The Charlestown Neighborhood Council (CNC) unanimously voted to request a license for Courageous Sailing to host summer events on Pier 4 with the agreements and limitations that were approved in 2013. Courageous Sailing hopes to hold 10 evening and 10 daytime events under an approximately 50’X100’ tent to help fund the Courageous Youth Program, and to enable use of the tent (under an arrangement with Peterson Party Rentals) as shelter from the elements for the duration of the season.
“It’s vital for our programming to have that tent. It also serves as the home base for our organization,” says Dave DiLorenzo, Executive Director of Courageous Sailing, who hopes to continue “facilitating a good relationship with the community with as little disruptions as possible.”
Five percent of Courageous Sailings’ operating budget is met through fundraising, which assists in providing low-cost, sailing-based youth development opportunities to children and families throughout Boston.
“I think the program is amazing,” says Amanda Reinfeld, Member At-Large.” They’ve done a great job to support the community.”
The Warren Prescott Spring Sailing Program teaches sailing fundamentals to students at the Warren Prescott Elementary School for four weeks during the summer. Another program, The Boston Harbor Summer Learning Project, offers math, English Language Arts, marine science, and history classes, as well as sailing lessons at the Harvard-Kent Elementary School.
“We serve about 1000 kids a year, and about 40% of those kids come to Charlestown. It’s our heart. It’s our core,” DiLorenzo says. “We have a tremendous amount of entity in this community.”
The CNC feels that DiLorenzo is a responsible individual who worked well with the 2013 restrictions, and is always open to listen and respond quickly to those who voice their concerns. DiLorenzo will continue forwarding emails to residents and surrounding businesses, informing them about upcoming festivities, and who to contact with questions and comments.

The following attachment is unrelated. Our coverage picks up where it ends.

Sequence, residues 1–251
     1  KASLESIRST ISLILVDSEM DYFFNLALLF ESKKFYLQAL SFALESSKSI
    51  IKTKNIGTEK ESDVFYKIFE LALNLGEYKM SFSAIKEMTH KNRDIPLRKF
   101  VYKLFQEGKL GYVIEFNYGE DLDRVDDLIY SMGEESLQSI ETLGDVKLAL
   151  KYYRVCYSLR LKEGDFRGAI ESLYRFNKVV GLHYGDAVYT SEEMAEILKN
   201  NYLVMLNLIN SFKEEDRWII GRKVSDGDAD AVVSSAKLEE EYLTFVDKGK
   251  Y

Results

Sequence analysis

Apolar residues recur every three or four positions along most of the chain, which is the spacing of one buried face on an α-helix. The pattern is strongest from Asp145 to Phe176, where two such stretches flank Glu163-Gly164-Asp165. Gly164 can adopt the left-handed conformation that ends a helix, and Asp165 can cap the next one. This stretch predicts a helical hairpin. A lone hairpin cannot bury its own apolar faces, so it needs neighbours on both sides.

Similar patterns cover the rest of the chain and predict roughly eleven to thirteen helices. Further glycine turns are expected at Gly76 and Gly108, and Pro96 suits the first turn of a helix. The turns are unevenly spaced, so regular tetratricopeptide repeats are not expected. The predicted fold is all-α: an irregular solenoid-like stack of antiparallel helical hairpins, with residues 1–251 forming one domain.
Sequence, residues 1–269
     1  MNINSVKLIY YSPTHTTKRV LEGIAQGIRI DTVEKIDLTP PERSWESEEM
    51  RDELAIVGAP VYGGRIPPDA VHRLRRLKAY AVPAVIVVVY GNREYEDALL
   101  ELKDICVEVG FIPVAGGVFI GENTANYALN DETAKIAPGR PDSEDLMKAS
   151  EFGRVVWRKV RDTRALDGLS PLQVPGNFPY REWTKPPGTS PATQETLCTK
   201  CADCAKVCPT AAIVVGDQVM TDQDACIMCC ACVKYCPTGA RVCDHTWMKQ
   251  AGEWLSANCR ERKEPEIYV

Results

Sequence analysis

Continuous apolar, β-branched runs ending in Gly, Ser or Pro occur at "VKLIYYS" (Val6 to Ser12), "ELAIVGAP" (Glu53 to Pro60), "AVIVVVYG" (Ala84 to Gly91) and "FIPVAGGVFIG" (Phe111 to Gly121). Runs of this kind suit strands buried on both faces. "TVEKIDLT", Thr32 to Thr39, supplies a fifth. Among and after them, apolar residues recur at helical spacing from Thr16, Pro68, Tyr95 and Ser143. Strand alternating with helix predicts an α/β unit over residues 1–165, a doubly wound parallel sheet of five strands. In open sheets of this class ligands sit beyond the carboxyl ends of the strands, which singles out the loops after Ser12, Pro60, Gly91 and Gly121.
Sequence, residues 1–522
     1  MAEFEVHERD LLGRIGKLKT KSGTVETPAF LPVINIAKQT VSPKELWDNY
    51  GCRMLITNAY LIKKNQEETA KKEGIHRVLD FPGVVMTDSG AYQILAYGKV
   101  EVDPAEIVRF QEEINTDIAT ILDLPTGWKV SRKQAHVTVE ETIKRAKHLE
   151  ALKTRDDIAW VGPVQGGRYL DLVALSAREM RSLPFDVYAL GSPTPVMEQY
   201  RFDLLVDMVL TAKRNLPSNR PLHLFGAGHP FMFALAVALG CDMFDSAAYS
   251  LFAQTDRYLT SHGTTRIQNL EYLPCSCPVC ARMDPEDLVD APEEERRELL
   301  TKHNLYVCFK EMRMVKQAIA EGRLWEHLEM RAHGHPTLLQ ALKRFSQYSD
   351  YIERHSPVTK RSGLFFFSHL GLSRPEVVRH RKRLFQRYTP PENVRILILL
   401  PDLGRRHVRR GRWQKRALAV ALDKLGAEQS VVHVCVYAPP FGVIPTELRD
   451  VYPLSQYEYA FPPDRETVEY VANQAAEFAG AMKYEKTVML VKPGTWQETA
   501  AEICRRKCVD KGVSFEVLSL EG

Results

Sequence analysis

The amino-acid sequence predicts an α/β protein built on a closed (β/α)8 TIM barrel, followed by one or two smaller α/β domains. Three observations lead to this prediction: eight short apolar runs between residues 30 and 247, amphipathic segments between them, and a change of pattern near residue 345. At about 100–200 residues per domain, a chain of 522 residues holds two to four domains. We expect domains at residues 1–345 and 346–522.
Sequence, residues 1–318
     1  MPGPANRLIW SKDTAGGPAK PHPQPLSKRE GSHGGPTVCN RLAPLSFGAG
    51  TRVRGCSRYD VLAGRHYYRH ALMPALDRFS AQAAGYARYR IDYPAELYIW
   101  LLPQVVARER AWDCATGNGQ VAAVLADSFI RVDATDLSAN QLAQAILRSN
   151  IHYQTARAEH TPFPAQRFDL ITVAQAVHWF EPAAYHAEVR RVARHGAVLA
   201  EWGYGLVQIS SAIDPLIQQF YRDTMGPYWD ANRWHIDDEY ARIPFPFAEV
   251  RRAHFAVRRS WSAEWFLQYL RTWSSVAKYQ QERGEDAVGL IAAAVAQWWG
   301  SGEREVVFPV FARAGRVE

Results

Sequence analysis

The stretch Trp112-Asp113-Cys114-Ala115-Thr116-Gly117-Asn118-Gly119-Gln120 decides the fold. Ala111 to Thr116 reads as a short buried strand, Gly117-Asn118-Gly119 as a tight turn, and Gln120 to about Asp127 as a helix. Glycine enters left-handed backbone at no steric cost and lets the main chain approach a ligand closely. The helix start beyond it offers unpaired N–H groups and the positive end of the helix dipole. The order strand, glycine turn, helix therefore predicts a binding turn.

There have been residential complaints about noise levels in the past. To reduce impact on neighbors, Courageous agreed to maintain sound levels at a 68 decibel limit; recording decibel readings for each event, and taking into account the wind direction.
“I am a fan of Courageous. I love the organization,” says Barbara Babbin, Councilor At-Large. “If I had one thing constructive to say about the wonderful response you have had, it would be to have the police stay after the event.”
Guests departing events at night can be disruptive. Chairman, Tom Cunha, suggested that attendees should not be allowed to leave the venue with alcoholic beverages; and that the bar tender should announce ahead of time when last call is. Additional security at the entrances and exits would also be beneficial.
Some Flagships residents believe that a public pier should not be used for fundraising activities, and that the pier does not present itself as open to the public because of the large tent. CNC suggested posting a sign at the beginning of the pier, noting that anybody may traverse it.
“It’s a non-profit using public land for a non-profit mission,” voices Michael Parker, Flagships resident. “If a private entity wanted to make money off it [Pier 4], it would have to prove the community benefits. That’s a big distinction.”
Complaints from neighbors about noise levels have dramatically decreased, and much of the community and CNC, agrees that Courageous events have been much more controlled than in previous years.